A Soldier’s Story: Behind the Front Line

The Unsung Heroes

When we think of the First World War, the typical soldier’s story we tend to think of are those of the trenches and No Man’s Land. However, this was not the whole picture.

In fact, there were over 325,000 soldiers in the ASC (Army Service Corps, later the Royal Army Service Corps or RASC), delivering food, equipment and ammunition to the fronts.

During the war, horses were essential for transport including artillery, supplies and ambulances. They were also used throughout the war for cavalry charges by the British, though the effectiveness of mounted units decreased as the war progressed due to more destructive weaponry and expansive trench systems. The often heartbreaking story of the role of horses in WW1 is famously told by Michael Morpurgo’s book; War Horse – a classic read for many schools teaching about the First World War.

 A Soldier's Story: War Horse and carriage
A Soldier’s Story: War Horse and carriage

These horses were trained, cared for and delivered to the front lines by the Army Remount Service. At its peak in 1917, the Army had nearly 870,000 horses and mules, with accommodation for 60,000 remount animals.

The men of the Remounts were generally older, more experienced soldiers alongside experienced civilian horsemen, but as the war progressed, those who had formerly been deemed unfit for the front line were called upon to fight.

A Soldier’s Story: Private Hubert William Jay

Our solider’s story observes the life of Private Hubert William Jay, a groom (caring for horses) at a Manor house (as well as Seymour & Lerhn Head Honcho Charlie‘s Great Grandfather.)

He enlisted in January 1915 at 27 years old. He was stationed in a number of reserve and training battalions, before he was posted to France in January 1916 with the 13th Welch (the archaic Welsh spelling) battalion. 

A Solider's Story: Hubert in uniform
A Soldier’s Story: Hubert William Jay in his uniform

In the summer of 1917, the battalion was moved to camps on the Belgian border, where they trained for the eventual Third battle of Ypres (more commonly known as Passchendaele) at a replica trench, built to mirror the enemy trenches they would be attacking.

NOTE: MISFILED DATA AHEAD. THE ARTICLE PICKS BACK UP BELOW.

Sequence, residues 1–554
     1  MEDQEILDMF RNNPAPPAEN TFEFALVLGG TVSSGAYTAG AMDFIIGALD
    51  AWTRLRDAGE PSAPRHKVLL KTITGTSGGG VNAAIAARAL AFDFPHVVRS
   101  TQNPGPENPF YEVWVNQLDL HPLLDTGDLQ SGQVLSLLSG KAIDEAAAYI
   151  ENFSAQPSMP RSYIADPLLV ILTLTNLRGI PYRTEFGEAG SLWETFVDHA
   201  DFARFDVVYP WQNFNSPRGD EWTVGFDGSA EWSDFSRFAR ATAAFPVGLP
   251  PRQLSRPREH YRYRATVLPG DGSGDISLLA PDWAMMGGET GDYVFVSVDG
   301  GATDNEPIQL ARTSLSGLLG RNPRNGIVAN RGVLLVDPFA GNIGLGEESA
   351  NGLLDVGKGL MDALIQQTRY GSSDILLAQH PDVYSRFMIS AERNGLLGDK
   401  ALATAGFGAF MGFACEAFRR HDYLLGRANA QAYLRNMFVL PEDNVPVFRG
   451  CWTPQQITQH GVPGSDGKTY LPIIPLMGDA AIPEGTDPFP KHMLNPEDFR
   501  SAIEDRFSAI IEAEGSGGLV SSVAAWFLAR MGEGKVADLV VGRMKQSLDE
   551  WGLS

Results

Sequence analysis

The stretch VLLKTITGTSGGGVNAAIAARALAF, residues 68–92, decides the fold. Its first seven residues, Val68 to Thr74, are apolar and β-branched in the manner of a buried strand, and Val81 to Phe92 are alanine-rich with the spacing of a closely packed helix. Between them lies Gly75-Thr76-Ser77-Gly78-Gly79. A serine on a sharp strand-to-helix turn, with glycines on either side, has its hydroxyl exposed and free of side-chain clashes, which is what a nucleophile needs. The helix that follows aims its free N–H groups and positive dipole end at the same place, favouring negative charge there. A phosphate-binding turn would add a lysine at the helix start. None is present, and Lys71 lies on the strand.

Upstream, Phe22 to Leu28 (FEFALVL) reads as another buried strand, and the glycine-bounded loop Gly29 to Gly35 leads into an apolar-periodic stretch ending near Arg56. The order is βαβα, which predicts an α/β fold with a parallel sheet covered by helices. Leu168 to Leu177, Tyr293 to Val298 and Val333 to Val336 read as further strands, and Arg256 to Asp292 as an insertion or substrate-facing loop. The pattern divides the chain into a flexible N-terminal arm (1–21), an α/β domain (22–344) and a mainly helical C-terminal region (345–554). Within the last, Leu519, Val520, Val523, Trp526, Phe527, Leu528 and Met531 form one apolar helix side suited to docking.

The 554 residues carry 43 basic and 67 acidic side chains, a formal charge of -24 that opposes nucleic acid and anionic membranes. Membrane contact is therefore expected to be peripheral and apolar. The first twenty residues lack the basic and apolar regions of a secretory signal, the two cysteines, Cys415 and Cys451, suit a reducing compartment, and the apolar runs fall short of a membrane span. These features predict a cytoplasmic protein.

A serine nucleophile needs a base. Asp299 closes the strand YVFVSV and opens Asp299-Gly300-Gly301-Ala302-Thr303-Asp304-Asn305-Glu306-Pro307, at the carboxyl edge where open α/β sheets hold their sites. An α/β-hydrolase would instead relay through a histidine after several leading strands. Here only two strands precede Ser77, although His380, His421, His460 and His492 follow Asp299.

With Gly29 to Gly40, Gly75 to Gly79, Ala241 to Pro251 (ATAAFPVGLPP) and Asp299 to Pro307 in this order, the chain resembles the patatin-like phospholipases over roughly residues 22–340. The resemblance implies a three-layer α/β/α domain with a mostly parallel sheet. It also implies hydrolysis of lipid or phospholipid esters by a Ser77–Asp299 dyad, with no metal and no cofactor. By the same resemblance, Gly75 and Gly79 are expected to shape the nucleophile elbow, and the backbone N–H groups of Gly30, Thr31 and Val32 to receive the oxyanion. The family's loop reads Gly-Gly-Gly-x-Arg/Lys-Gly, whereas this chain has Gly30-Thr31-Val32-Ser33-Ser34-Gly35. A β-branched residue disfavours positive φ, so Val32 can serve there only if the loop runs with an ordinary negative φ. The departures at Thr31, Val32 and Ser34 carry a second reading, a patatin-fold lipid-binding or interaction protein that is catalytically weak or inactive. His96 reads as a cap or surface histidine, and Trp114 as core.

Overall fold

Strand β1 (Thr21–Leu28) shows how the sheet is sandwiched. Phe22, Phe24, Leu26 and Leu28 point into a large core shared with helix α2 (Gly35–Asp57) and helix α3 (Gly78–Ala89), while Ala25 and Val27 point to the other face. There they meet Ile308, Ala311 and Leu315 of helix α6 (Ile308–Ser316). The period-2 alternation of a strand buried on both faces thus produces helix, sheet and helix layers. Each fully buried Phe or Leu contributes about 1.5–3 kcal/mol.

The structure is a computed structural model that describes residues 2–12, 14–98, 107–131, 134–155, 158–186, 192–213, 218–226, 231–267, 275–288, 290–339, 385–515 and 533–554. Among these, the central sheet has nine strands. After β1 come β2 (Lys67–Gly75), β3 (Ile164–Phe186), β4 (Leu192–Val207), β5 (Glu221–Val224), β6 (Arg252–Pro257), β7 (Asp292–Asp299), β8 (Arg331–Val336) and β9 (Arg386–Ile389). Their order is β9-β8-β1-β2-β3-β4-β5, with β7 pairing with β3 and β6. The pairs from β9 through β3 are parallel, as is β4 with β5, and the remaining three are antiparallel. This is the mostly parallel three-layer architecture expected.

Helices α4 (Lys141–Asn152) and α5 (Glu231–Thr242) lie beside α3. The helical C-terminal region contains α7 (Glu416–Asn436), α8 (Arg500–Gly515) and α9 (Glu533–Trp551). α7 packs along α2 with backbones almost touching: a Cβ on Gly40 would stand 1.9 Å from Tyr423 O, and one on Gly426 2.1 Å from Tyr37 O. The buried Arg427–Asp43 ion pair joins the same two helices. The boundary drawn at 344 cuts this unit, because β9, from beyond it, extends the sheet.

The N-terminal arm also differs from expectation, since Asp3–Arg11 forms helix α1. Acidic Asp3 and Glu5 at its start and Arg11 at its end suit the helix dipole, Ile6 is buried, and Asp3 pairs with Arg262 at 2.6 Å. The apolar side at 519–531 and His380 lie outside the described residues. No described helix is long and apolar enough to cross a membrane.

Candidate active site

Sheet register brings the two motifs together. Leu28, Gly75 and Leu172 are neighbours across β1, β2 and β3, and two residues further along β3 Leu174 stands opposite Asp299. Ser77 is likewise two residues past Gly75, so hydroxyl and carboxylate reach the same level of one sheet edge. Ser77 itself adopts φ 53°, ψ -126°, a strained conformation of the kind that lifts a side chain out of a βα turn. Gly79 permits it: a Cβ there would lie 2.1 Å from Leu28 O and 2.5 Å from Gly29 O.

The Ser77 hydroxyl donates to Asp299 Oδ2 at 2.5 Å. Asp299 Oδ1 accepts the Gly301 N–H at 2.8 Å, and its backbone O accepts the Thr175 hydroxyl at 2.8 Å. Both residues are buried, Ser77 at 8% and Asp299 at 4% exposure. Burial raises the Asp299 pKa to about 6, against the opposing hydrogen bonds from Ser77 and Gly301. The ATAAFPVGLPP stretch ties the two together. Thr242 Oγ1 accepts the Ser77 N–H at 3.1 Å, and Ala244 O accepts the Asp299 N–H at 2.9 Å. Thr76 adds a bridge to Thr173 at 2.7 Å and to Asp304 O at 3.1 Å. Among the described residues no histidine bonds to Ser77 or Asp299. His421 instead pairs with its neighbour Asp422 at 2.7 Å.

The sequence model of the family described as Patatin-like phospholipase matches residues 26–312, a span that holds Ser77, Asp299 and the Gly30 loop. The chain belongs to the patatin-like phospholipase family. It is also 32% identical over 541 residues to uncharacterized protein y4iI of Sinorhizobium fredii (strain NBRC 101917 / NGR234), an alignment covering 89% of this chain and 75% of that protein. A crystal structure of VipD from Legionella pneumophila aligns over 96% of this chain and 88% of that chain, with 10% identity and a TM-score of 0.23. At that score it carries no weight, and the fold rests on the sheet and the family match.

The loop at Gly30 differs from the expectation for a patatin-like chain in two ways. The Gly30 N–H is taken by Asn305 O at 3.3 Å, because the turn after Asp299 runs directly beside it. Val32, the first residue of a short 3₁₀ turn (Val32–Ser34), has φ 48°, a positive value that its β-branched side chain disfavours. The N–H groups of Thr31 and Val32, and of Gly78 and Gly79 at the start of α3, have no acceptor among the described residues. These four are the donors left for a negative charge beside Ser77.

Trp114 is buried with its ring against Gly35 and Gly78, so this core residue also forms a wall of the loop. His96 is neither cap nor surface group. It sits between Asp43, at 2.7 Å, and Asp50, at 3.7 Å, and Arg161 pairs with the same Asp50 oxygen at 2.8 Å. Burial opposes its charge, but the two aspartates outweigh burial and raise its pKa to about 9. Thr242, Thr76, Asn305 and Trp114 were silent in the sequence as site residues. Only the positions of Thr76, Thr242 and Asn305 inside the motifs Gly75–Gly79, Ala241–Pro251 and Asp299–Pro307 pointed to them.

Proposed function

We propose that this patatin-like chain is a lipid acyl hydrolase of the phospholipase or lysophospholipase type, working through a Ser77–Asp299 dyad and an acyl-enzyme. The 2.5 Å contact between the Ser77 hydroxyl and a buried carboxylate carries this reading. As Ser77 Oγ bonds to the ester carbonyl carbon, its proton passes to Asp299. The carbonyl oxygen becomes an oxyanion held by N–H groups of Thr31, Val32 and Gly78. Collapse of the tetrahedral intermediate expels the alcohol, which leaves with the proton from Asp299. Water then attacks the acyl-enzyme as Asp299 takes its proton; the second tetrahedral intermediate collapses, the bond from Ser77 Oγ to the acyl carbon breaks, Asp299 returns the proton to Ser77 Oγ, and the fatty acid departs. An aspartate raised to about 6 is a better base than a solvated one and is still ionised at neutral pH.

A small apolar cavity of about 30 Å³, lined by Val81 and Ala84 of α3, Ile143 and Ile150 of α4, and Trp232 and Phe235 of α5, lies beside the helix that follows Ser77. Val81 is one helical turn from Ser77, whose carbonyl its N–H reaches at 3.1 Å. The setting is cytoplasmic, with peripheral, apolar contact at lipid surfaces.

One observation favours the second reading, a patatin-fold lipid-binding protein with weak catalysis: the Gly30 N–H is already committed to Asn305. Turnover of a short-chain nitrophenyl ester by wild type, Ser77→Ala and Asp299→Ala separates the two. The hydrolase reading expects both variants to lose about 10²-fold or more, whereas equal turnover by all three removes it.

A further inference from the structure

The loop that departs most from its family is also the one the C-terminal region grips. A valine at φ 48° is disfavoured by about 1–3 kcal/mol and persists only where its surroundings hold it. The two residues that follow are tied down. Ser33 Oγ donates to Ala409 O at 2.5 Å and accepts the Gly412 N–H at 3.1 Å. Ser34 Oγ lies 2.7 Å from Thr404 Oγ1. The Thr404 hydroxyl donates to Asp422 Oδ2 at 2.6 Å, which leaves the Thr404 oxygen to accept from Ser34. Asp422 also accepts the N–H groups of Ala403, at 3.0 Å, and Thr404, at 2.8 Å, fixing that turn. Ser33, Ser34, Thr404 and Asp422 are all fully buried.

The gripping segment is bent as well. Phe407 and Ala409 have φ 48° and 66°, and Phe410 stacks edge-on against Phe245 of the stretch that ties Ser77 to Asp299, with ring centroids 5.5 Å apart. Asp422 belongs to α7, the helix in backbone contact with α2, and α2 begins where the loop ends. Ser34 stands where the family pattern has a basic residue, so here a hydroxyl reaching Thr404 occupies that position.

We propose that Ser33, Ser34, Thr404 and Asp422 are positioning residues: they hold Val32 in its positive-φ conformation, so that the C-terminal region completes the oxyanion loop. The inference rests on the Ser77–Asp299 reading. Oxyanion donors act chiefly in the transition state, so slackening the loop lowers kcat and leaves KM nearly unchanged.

The soldiers were subject to shelling and gas attacks, resulting in deaths and injuries to both soldiers and officers.

On 29th July 1917, Hubert was wounded by a gas shell and began a month-long journey back to the 3rd Western Hospital in Cardiff for treatment.

Two days later, at 3.50 am on 31st July 1917, his comrades of the 13th battalion went over the top in the Battle of Pilckem Ridge. By a perverse stroke of luck, a gas shell had saved Hubert from taking part in one of the bloodiest battles in World War One.

Deemed unfit to return to duty; Hubert was permitted to spend Christmas 1917 at home with his wife, Annie, before he was transferred to the 3rd Welsh Reserves and later the Romsey Remount Depot; caring for horses once again.

Romsey Remount Depot

Romsey Remount Depot covered almost 500 acres, centered around Ranvilles Farm. It was built by private contractors, who employed 800 men to get the Depot ready for the war. There were often more than 4,000 horses and mules in the care of the ten squadrons at Romsey. As the war progressed, it became increasingly difficult to find suitable men for these trades, especially as many men were medically upgraded as fit to fight at the front.

Other aspects of the camp included agriculture, with 40 acres of potatoes being harvested. Also, selling old horse-shoes, horsehair, hoof parings, jam jars, old wire and string was vital in raising money for the camp. The sale of manure alone raised £4,000 from 1916 to 1918. The Depot also had a large impact on local culture, as the Depot Band became a well-known feature of life in the town.

Hubert's Batallion
Hubert’s Batallion

Hubert remained with the remounts until September 1919 when he was demobilised and returned home to his wife, bringing a happy end to our soldier’s story.

Bringing a Solider’s Story to Life

Here at Seymour & Lerhn, we were touched by Hubert’s William Jay’s soldier’s story and the fascinating history of the ‘forgotten’ Army Service Corps of WW1.

To commemorate the Remounts, we decided to create a War Horse Virtual Tour for our interactive e-learning platform, allowing learners to experience a different side to the famous story of War Horse by Michael Morpurgo. This is coming soon for Seymour & Lerhn subscribers.

Whilst you are waiting for the War Horse Virtual Tour, check out our VR WW1 Virtual Trench YouTube video which an immersive, 360 virtual reality experience of the trenches in World War 1.

Discover more about Seymour & Lerhn.